March 8, 2017

Where Are All The Female Superintendents?

By Bellwether

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From Randi Weingarten to Betsy DeVos, to Michelle Rhee and Kaya Henderson, some of the biggest names in education policy on both sides of the aisle are women. The majority of teachers (76 percent), too, identify as female. But new survey results from the American Association of School Administrators (AASA) show that about 77 percent of school superintendents identify as male. So while women make up the majority of the teacher workforce, they are vastly underrepresented in higher-paying leadership roles.
Today is International Women’s Day, and while these survey results show progress from previous years, there’s significant room to grow in closing the school leadership gender gap. This disparity reinforces gender wage gaps, and, as we’ve covered previously, this inequity of earnings follows female teachers into retirement.
It’s important to note that, while we can dig into these findings broadly, the AASA survey’s 15 percent response rate suggests it may not be fully representative. Additionally, while the federal government collects representative stats on teachers and principals, it does not do so on school district superintendents. Still, state-based work, like this October Houston Chronicle piece as well as a November Education Week article delve into these trends further, with similar findings.
Here are three takeaways on the state of female superintendents we can glean from the AASA’s 2016 survey:

  1. Females tend to enter leadership roles later, and with more experience, than their male counterparts.

AASA Age by Gender

2016 AASA Superintendent Salary & Benefits Study

The median age for female superintendents is 53, two years older than their male counterparts at 51. Despite dramatically outnumbering males in the teaching workforce, it takes women slightly longer to break into leadership, and they often enter the superintendent role with more work experience than men.

  1. Male superintendents out-earn their female counterparts in all but one tier of district sizes.

AASA Salary by Gender

2016 AASA Superintendent Salary & Benefits Study

In terms of median salary, men out-earn women in four out of five district bands – women pull ahead, and actually do especially well, in just one: districts serving 10,000 to 24,999 students. This group makes up only 6 percent of female superintendents, however, and the remaining 94 percent, depending on their district size, make on average about $2,100 less annually than their male peers.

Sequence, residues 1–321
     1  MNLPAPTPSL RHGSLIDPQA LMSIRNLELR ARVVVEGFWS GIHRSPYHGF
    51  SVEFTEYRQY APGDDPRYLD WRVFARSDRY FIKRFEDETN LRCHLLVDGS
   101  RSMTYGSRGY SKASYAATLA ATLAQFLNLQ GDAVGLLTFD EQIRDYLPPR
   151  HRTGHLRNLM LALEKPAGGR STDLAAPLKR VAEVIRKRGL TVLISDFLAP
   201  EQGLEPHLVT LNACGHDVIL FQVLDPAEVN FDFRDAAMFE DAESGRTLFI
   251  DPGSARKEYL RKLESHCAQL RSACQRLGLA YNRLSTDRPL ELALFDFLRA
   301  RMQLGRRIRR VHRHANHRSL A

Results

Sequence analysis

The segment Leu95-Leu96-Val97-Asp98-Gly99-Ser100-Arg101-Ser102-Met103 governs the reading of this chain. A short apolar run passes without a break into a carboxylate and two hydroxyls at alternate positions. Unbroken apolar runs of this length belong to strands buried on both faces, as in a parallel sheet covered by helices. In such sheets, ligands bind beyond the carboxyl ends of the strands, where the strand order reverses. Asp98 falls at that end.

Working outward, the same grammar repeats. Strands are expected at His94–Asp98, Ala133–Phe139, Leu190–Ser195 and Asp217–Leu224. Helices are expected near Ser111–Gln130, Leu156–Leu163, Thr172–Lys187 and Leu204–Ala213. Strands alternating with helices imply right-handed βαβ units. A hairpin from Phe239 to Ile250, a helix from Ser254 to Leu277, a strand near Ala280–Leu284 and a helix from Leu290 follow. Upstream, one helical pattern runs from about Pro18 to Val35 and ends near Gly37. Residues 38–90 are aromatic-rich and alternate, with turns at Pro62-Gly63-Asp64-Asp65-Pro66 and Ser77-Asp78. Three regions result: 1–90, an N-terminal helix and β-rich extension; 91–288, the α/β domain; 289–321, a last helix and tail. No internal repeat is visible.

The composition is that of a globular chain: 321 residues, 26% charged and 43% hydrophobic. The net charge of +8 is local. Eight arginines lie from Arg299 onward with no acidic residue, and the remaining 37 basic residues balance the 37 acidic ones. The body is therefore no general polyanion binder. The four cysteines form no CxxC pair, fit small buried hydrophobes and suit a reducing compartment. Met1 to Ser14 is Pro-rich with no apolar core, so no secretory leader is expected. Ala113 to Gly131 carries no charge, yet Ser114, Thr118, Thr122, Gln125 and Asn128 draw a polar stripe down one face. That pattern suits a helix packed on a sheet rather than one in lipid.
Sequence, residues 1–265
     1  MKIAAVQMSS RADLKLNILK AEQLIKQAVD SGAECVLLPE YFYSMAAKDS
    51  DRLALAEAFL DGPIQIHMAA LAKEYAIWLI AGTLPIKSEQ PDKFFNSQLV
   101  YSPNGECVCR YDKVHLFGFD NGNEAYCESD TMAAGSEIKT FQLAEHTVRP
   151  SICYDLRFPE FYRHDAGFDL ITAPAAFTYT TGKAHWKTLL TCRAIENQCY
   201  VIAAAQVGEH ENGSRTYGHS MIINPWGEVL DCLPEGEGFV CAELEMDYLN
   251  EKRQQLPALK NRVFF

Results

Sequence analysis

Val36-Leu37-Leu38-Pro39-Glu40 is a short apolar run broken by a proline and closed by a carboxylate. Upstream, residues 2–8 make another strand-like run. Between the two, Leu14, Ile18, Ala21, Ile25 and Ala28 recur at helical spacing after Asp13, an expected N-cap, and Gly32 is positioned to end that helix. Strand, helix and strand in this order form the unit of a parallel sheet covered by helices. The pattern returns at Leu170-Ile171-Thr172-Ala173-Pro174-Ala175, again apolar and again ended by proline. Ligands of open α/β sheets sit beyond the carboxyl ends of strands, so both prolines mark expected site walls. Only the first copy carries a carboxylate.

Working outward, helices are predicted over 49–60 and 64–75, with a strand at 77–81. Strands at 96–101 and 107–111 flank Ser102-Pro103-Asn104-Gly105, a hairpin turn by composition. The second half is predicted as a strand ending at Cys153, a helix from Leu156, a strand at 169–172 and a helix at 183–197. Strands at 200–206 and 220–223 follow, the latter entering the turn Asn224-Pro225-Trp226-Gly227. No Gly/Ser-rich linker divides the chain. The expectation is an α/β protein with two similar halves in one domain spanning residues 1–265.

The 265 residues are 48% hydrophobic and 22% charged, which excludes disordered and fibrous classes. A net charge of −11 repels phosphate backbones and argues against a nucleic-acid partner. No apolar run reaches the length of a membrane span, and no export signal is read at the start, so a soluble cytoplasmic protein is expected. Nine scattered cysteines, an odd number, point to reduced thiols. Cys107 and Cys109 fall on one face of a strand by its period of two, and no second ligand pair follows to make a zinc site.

1. People of color are grossly underrepresented in the school leadership space. Women of color are far less likely to hold superintendent roles than their white counterparts.

2016 AASA Superintendent Salary & Benefits Study

2016 AASA Superintendent Salary & Benefits Study

School leaders of both genders are overwhelmingly white. As a whole, people of color make up just 8.1 percent of district superintendents. Men of color represent just 5.5 percent of school leaders, while women of color, just 10.8 percent.
Salary discrepancies add another layer to this, too. On average, women earn 80 cents for every dollar paid to their male peers. Women of color are especially harmed by the gender wage gap: for every dollar paid to white men, African American women earn only 63 cents, and Latinas only 54 cents. While the majority of superintendent roles, and the higher salaries that come with them, go to men, it’s crucial to point out the discrepancies women of color face.
Our country’s school leaders must work to be representative of the students they serve – it isn’t enough to recruit and retain more women without also ensuring we’re developing a truly diverse workforce.
This is not to say women haven’t made progress. In 2000, AASA’s same survey showed just 13.2 percent of superintendents identified as female, compared to today’s nearly 24 percent.  Even with a low response rate, these trends show growth year-over-year. Hiring incentives, mentoring programs, and school board guidance can all help further close the gap, but these interventions must become a priority.  While women may lead the classroom, too many are still shut out from the district.

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